Timing Moves

Chess programming

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Timing Moves

There are three ways in which Rival can be instructed to make its moves.

If the program is instructed to make a move within a fixed time limit, a full-width search is performed to a depth of two followed by progressively deeper searches, each time extending the maximum search depth by one. This continues until the time limit expires. At first this appears like a waste of valuable search time but with the use of a transposition/refutation table, killer heuristics and the knowledge of the best move sequence from previous iterations, iterative deepening can often complete searches faster than a fixed depth search. The technique is also used if the program is instructed to search to a specified depth. This is primarily so that a move is always available in case the user instructs the program to make a move before the search is complete.

The third move selection method is the method used in chess tournaments and is the method that produces the best results from the program. When playing this way, the program will calculate the average amount of time available to make each of its remaining moves. The program will then aim to make its next move within ¾ of this time, effectively saving time for situations later in the game where the time may be more useful. An example from one of the games played by the program will help to demonstrate the advantages of this timing method.

The position shown in figure 4 was reached. Rival was playing the white pieces. It is move number 34 with white to move. The white clock was at 6 minutes, 47 seconds and the time control was 60 moves in 15 minutes, leaving the program with an average time of a little over 18 seconds to make each move. Therefore, the program would aim to make its next move after 14 seconds.

Figure 4 Chess position reached in a game played by the program. White to play.

The program had completed a search to depth four after about three seconds considering that the move sequence 1. H3*H6..G8*G2 2. D2*G2..G6*G2 would leave it a pawn up in material. A search to depth five was started and the program realised very quickly that the move H3*H6 was bad, leading to the loss of the queen with a series of checks 1. H3*H6..G8*G2+ 2. G1-H1..G2-E2+ 3. D4-D5..E2*E1+. The depth five search continued but when the 14 seconds was up, the best move was 1. E1-G3 with a move sequence that resulted in the loss of the queen and a pawn for the gain of a rook. At this point, more time was allowed to search for a reasonable move. The eventual move was 1. G1-H1 which the program again believed left it a pawn up in material. In many cases, this may have prevented a heavy defeat but in this example the program's position was hopeless and black won the match comfortably.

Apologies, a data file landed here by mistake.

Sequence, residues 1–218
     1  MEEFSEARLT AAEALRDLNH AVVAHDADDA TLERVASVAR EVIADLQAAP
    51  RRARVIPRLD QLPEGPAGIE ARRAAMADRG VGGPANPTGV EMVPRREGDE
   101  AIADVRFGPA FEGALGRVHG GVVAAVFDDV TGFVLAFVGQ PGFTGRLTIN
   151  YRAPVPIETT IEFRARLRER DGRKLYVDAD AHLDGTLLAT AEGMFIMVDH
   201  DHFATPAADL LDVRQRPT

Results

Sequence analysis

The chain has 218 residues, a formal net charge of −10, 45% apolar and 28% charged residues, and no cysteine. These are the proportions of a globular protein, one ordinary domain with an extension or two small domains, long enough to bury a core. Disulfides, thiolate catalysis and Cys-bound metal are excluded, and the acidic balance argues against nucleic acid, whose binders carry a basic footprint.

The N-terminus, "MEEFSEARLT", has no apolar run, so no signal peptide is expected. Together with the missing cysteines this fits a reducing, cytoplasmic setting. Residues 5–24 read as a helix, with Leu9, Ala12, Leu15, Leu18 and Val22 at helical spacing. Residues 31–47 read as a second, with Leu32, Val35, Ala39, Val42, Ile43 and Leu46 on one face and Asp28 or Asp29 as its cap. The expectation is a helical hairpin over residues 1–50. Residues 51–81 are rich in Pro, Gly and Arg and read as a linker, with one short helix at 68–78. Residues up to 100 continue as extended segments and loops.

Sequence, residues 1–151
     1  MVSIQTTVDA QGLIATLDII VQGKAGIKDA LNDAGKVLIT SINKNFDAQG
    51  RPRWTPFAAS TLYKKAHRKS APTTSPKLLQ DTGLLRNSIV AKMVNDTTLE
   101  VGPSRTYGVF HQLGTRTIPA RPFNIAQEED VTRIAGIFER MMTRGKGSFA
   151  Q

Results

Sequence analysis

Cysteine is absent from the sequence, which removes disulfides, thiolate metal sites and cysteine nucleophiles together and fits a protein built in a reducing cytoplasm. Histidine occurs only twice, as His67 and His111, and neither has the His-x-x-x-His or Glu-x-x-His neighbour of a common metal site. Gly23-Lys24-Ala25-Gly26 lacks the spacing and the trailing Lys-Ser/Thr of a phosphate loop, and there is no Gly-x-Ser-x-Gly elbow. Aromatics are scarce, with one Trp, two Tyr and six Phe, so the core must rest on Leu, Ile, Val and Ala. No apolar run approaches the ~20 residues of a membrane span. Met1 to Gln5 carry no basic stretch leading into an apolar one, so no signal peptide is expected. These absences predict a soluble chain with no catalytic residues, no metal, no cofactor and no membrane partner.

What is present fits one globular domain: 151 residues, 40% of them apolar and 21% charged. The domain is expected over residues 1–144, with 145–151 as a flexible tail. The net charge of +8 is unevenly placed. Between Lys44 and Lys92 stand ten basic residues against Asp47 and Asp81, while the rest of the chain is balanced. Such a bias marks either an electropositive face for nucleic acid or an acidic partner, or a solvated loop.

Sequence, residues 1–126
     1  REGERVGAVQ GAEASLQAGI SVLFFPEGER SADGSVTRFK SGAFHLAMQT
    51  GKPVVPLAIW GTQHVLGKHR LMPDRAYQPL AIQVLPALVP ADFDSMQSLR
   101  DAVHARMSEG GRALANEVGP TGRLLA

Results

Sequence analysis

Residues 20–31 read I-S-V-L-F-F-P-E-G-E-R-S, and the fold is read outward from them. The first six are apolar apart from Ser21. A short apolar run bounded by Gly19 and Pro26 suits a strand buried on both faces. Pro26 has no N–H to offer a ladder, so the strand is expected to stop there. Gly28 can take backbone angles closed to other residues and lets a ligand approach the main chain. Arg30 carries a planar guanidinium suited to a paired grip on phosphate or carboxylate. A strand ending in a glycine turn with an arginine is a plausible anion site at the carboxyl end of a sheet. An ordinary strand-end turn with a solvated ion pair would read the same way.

If, after the allotted amount of time, the current best move does not score within 75 points (roughly ¾ of a pawn) of the best move from the previous iteration, the search will continue until an acceptable move is found or a the search time exceeds an upper limit.

Base plus Increment method

This method was added when Rival was made compatible with Tim Mann's Winboard to allow Rival to play as an automated player on an Internet Chess Server and to allow it to play automated against other chess engines. At the beginning of the search, Rival sets two variables, NormalMoveTime and ExtendMaxMoveTime. The normal move time is the time within which Rival will attempt to make a move unless the program believes it will benefit from having more time (as described above), in which case it will make the move within the extend max move time.

The following code outlines (roughly) how these variables are set:

ExtendMaxMoveTime = 0;
if (Increment>0) {
  NormalMoveTime = Increment;
  if (TimeLeft>30000) {
    ExtendMaxMoveTime = min(Increment*4, (int)(TimeLeft/2.0));
    NormalMoveTime = min(Increment*2, (int)(TimeLeft/2.0));
} else {
  // Guess number of moves left
  TotalMoves = (TotalMovesMade < 60 ? 80 : (TotalMovesMade < 100 : 120));
  MovesLeft = TotalMoves - TotalMovesMade;
  if (MovesLeft>0 && ClockLeft>10000) {
    ClockLeft -= BaseMinutes*5;
    TimePerMove = ((float)ClockLeft/(float)MovesLeft);
    NormalMoveTime = (int)TimePerMove;
  } else {
  // Minimal Thinking Time
    NormalMoveTime = 0;